30 August 2022
The fascinating story behind Scotland's first printed book: the 16th-century volume that may - or may not - have changed Scottish history.
17 January 2023, 6.30pm UK time
In the winter of 1507-08, two men - Walter Chepman and Andro Myllar - set up a strange device in one of the buildings on Edinburgh's Cowgate. Made of wood, taller than a man, and looking like a cross between a torture implement and a wine press, it was Scotland's first printing press.
This lecture tells the story of how it came to Scotland, what Chepman and Myllar printed on it, and how that book may (or may not) have changed Scottish history.
Join Dr Kelsey Jackson Williams for a live c.45-minute illustrated online talk on 17 January, followed by approximately 30 minutes of questions from the audience. The webinar will be recorded and made available to ticket-holders for 7 days after the broadcast.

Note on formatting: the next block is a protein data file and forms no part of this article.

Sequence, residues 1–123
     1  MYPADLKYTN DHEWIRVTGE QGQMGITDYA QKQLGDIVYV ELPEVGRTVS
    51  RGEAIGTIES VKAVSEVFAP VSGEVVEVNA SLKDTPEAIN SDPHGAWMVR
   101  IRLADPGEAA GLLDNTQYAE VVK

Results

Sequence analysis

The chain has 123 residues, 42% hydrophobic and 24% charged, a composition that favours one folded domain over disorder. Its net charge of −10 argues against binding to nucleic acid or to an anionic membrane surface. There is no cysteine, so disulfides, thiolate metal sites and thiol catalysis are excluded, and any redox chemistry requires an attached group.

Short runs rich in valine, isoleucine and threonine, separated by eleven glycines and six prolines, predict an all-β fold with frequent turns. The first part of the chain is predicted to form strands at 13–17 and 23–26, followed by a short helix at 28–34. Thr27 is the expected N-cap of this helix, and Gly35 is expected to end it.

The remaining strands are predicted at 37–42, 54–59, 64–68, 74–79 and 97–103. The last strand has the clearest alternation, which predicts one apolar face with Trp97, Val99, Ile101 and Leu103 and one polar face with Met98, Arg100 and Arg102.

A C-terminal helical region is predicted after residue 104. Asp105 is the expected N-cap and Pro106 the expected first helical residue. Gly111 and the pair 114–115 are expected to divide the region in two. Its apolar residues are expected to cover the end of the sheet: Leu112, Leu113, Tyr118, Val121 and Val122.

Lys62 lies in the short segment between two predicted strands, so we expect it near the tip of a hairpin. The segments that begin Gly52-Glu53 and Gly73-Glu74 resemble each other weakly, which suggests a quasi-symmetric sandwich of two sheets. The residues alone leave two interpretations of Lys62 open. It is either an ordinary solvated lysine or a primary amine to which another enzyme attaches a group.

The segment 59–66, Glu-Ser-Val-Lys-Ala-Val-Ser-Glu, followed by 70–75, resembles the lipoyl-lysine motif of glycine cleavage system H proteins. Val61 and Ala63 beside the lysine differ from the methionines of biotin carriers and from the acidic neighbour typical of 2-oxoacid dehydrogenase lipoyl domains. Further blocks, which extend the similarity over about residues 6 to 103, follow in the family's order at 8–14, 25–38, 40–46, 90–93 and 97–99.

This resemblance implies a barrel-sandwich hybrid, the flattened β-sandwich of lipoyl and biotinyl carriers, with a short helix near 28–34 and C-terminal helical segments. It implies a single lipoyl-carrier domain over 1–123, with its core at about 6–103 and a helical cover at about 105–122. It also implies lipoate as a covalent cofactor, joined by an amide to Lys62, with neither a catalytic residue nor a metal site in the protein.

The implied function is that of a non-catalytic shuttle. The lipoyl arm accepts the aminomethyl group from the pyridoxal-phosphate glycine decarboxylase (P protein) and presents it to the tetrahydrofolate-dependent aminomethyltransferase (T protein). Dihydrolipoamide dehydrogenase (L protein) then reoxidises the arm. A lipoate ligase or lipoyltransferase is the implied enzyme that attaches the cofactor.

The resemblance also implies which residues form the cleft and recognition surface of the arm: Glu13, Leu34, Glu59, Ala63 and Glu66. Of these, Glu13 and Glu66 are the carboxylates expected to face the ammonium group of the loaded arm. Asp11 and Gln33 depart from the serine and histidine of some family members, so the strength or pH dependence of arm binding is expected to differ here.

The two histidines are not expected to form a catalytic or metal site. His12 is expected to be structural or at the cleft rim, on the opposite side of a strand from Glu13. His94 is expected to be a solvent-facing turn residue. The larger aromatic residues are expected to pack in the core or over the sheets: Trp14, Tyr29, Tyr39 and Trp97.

The event will be chaired by Dr Allan Kennedy, Lecturer in History at the University of Dundee and consultant editor of History Scotland magazine.
Registration fee: £10. Starts 6.30pm UK time. To find the start time in your time zone, visit TimeAndDate. Got a question? E-mail Rachel Bellerby.
Dr Kelsey Jackson Williams is an Associate Professor of Early Modern Literature at the University of Stirling and studies the intellectual, literary, and material cultures of early modern northern Europe, particularly Scotland. His latest book – ‘Some bonie litle bookes’: A History and Catalogue of the Lindsay Library, 1570-1792 (co-authored with William Zachs) – is available from Brill and he is currently working on a new project which explores the role of 19th-century publication societies, such as Walter Scott’s Bannatyne Club, in shaping modern views of the Scottish past.